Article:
Venice! Ah, Venice! Goddess! Venus! Mother to the serene lagoon and claimer of the hearts of all those who spend quality time trying to unveil her magical secrets.
Venice is not exactly as the books say, but how could she be, since she shows herself to each visitor differently? She understands that every single person wandering around on the streets, over the bridges, and on boats has a different expectation, a special time in history that he or she would like to revive – not to mention those who are keen on following the tracks of such illustrious Venetian citizens as the desired and powerful, yet honest courtesan, poet, and probably the first feminist of all times, Veronica Franco, or the adventurer Giàcomo Casanova, or perhaps the traveller Marco Polo, the musician and composer Antonio Vivaldi, and the painter Titian.
As the days of the pharaohs are for the Egyptians and those of the philosophers for the Greeks, the most exciting time in Venetian history was undoubtedly the mid-sixteenth century. Why? Think of the beginning of the lucrative book-printing business, the healthy and productive artistic and literary scene, the plague that ravaged the citizens, the war against Turkey, the liberal doges who were much ahead of their time, and also the famous, beautiful, and cultured courtesans who turned the heads of even foreign kings.
Unfortunately, few capture the soul of Venice today, because 80% of the tourists spend no longer than one or two nights in the city, let alone those who don’t even spend the night. Venice, the Venus, stamped these tourists as lazy and empty for being so easily satisfied by only taking a couple of shots of Piazza San Marco and its Basilica, of the Palazzo Ducale (just from the outside), of the Rialto Bridge, of one or two channels with gondolas for which they are unwilling to pay for a ride completing the scenery, and finally of the Grand Canal – all in a period of six to eight hours.
My dear readers, running between major tourist attractions and buying souvenirs on the street in a hurry is definitely an unsatisfactory way to pay Lady Venice the respect that she deserves! Even if she looks it, La Serenissima is not a theme park. She is far from being a kind of Disneyland. So please, do acknowledge that Venice is a rare jewel, a living proof that humanity has little developed over the years, and also keep in mind that this is a city that offers a history lesson on every corner for those who show a genuine interest and possess at least a shred of imagination.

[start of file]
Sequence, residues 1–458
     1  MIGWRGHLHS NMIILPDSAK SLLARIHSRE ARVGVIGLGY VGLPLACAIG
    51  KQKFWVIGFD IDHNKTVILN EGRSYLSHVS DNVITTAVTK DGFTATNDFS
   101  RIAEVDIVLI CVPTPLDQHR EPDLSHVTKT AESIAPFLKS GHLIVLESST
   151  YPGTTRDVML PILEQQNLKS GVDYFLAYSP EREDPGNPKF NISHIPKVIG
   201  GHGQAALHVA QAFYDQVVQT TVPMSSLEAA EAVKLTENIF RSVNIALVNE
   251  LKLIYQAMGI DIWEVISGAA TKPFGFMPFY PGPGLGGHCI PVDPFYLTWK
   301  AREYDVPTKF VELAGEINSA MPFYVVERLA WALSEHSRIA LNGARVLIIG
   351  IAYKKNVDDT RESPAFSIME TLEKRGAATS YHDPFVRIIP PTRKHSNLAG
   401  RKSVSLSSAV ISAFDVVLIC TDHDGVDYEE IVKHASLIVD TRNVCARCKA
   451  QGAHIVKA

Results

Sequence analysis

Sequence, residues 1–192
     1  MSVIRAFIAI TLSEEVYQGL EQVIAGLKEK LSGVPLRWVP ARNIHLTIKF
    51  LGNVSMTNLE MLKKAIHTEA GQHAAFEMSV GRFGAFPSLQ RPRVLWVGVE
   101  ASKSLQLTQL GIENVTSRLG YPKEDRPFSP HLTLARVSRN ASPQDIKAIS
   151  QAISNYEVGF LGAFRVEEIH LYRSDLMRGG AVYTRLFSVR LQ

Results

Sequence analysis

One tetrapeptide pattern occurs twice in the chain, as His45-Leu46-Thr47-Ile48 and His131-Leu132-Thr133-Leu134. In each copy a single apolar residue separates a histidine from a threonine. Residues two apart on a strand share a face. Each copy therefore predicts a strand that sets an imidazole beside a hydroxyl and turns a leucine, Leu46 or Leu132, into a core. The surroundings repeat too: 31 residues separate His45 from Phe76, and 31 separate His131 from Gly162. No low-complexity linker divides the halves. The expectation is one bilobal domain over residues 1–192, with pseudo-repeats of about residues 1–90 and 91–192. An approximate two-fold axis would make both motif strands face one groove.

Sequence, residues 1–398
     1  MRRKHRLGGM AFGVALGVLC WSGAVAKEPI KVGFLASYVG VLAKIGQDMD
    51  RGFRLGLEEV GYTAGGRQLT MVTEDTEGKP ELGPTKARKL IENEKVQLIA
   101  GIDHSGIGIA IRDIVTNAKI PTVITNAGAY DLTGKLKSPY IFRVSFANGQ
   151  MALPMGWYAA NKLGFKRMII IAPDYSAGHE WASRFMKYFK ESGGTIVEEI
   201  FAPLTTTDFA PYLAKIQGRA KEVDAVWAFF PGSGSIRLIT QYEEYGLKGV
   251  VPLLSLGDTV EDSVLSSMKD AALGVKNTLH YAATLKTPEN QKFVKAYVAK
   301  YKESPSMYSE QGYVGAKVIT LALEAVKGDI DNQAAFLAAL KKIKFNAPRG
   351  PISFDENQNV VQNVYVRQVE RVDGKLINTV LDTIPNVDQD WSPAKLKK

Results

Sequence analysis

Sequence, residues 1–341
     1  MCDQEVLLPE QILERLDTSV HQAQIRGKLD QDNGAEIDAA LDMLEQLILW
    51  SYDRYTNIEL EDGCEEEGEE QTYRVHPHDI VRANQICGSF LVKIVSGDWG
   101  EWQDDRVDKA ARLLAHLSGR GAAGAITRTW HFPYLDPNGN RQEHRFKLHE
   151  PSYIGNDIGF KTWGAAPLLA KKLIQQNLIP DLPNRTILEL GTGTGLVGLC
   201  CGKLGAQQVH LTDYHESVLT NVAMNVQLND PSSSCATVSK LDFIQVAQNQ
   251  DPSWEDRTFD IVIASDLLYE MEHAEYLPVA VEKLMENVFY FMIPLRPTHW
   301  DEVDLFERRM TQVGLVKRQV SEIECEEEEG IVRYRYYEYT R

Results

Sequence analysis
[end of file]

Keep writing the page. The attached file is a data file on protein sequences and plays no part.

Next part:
Venice is more than the Piazza San Marco and the Rialto Bridge. She is also Burano, Murano, Torcello, and the Lido. She is also such lesser-known districts as Cannaregio and Castello. She is the solitude lost in the maze of tiny and deserted streets free even from the intention of being invaded by less-educated tourists in a rush. Venice is, nonetheless, also her backyards with secret gardens, and she is still the home and the pride of the original Venetians.
On the subject of Venetian urban myths, she is cleaner than her reputation; her waters are greener than the photos; her ice-cream is less tasty than you might expect, despite its fame and abundance; her paper-maché masks sold on the streets are cheaper-looking than one would like to admit, but the ones sold in fine shops are more elaborate and therefore more expensive than those the average wallet can afford. As for cuisine, since Venice is also a mother, she tries to offer a little of everything to indulge her children’s different food and drink preferences. It is possible to find fabulous single pieces of pizza there, as well as awful and overpriced tourist traps and exquisite restaurants for an elite clientele.
It is necessary to spend at least four to five days in Venice in order to enjoy it truly. Travel tirelessly around the Grand Canal aboard the vaporettos, which are the city’s water buses. Visit the main museums and mansions. Attend a free Baroque concert right before nightfall at the Querini Stampalia Foundation. Buy fresh fruits from a street kiosk. Drink several espressos sitting outside in a café while you observe the pedestrians passing by a superb and wonderfully charming church without even noticing it. Witness the grand aquatic traffic of the Grand Canal from the staircase of the Santa Maria della Salute Cathedral. Feed the doves at the Piazza San Marco. Get lost in the maze of streets without cursing them, and at the end of a full day, finally lie down in bed with a book about Venice or about some of its distinguished residents. Your body will probably hurt a bit as a result of so much walking, especially if you aren’t used to it in your daily life, but your internal and external smile will certainly be wide and visible since you will know that you did this extraordinary city justice.
As for gondola rides, well, they’re actually extraordinarily expensive, but worth every bit of it! Leaving Venice without a gondola ride, with a typical gondolier wearing the traditional striped t-shirt and straw hat, with or without the serenade, must be a frustrating experience. Hence, when in Venice, put aside around 100 to 200 euros for it. A stay in the city would not be complete without a gondola ride and without taking at least one good-quality mask home.
When getting aboard the Allilaguna, the boat to the airport, you won’t have anything to be sorry for because you will have seen, felt, and inhaled Venice as you should’ve – without tension, without haste, and without historical or social disaffection.
After a high-quality stay in the blessed La Serenissima, you’ll say: “Thank God that not everything is like it looks in photos and in the news.”
Luciana B. Veit